OTHER MOUNT WHITNEY ZONE TRAILS (INCL. MOUNTAINEER'S ROUTE): All other trails in the Mount Whitney Zone are also subject to overnight and day quotas between May 1 and November 1, however, only 60% are available via advanced registration with 40% reserved for walk-ins. For the North Fork of Lone Pine Creek (aka Mountaineer's Route), only 10 permits per day are currently available, 6 reservable, and 4 for walk-ins). Use self-issued permits at other times.

When To Climb, Ski, etc.

Mount Whitney is a year-round mountain. Between late May and October, hiking/running the Mount Whitney Trail and climbing on the Mountaineer's Route are popular. Then activity generally slackens during the next few months while the snow pack accumulates until the February to early May season when ski mountaineering, backcountry snowboarding, and general mountaineering on routes such as the Mountaineer's Route and the North Face are popular. Mountaineering on the Mount Whitney Trail is also very popular but generally there is not enough good snow above Trail Crest to make this worthy for skiing or boarding.


While winters in the Sierra are relatively mild, compared to say New Hampshire's Mount Washington and Presidential Range, there are some things to consider:

  • Climbing Gear: Generally snowshoes, crampons, and an mountaineering axe are required. Expect to use snowshoes on the lower portions of the trail through March/April as you may encounter several feet of fresh snow along the trail, however they may no longer be necessary by late April to May. On the Whitney Trail expect to change over to crampons and axe by the time you hit Trail Crest and above though windpacked snow should begin just above Bighorn Park (outside of the trees). On the Mountaineers Route, you will need an axe and crampons above the notch. Often times rope is used on the last section of the Mountaineers Route to gain the Whitney Plateau.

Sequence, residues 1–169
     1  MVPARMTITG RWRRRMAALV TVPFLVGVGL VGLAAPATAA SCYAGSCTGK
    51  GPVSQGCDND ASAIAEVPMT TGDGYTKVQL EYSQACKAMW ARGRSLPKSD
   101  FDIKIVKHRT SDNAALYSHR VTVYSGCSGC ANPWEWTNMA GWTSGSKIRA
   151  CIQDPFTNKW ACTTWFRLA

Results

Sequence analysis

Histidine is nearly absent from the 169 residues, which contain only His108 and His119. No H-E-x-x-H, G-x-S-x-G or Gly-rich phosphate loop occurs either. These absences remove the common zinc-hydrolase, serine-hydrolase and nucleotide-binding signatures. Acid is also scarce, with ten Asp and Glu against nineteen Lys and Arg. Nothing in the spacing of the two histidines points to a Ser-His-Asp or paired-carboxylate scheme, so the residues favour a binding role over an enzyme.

• Sleeping Gear (Mostly Ref: Gonekuku): Given the Sierra's generally mild weather, you should be fine preparing for a -20°F night though some people go as light as 0°F. Night temps at 12,000' can range from 5°F to -10°F. It's useful to use the "aviation rule" for temperatures: "You lose about 3.6°F per 1,000 feet gained. If it's 40°F low at Lone Pine, it's about 36°F colder on the summit of Whitney that night. (about 7°F at trail camp)." Day temps at Outpost Camp have been reported in the 8-9°F range.
  • Approach: During heavy snow, the Whitney Portal Road is closed at either at the Lone Pine Campground (5,900') or the base of the mountain (6,600'). There is no plowing beyond 6,600' and people often park on the north side of the road here. If you take a 4WD vehicle past the plowed area, be aware that your vehicle can get stuck in snow storms or rock slides. During the winter, many groups make their first camp at Whitney Portal (8,365').
  • Avalanche Conditions: While the Whitney Trail does not have any recent history of avalanche danger, you should still check the CSAC Avalanche Bulletin (under Mountain Conditions section).


MOUNT WHITNEY TRAIL: The two popular campgrounds on this trail are Outpost Camp at 10,335' and Trail Camp at 12,000' at 3.8 and 6.2 miles from the trailhead respectively. Those feeling the effects of the altitude will want to stay at Outpost Camp, however, most people making a multi-day trip stay at Trail Camp. During "bear season," you should be prepared for both bears and marmots. In recent years, bears have been known to make it up to Trail Camp so bear-resistant food containers are now required for overnight trips along the Mount Whitney Trail between May 25 and October 31. If you do not have a bear-canister, rangers will ask you to "leave the area." As for marmots, you may want to keep your tent pinned down with rocks and leave it open along with your pack so they won't feel compelled to chew through your gear to satisfy their curiosity.

NORTH FORK OF LONE PINE CREEK: The popular campgrounds along this route are: Lower Boy Scout Lake (10,300'), Upper Boy Scout Lake (11,350'), and Iceberg Lake (12,600'). Many parties climbing the Mountaineer's Route and other East Face routes in 2+ days will try to reach Iceberg Lake on the first day. All camping should be at least 100 feet from the lakes. Human waste should be buried 6-8 inches deep and at least 200 feet (70 paces) from any campsite and water source. Toilet paper should be packed out. According to the Inyo NF, "Improper disposal of human waste at Iceberg Lake is a serious problem." Proper water treatment is probably a good idea here!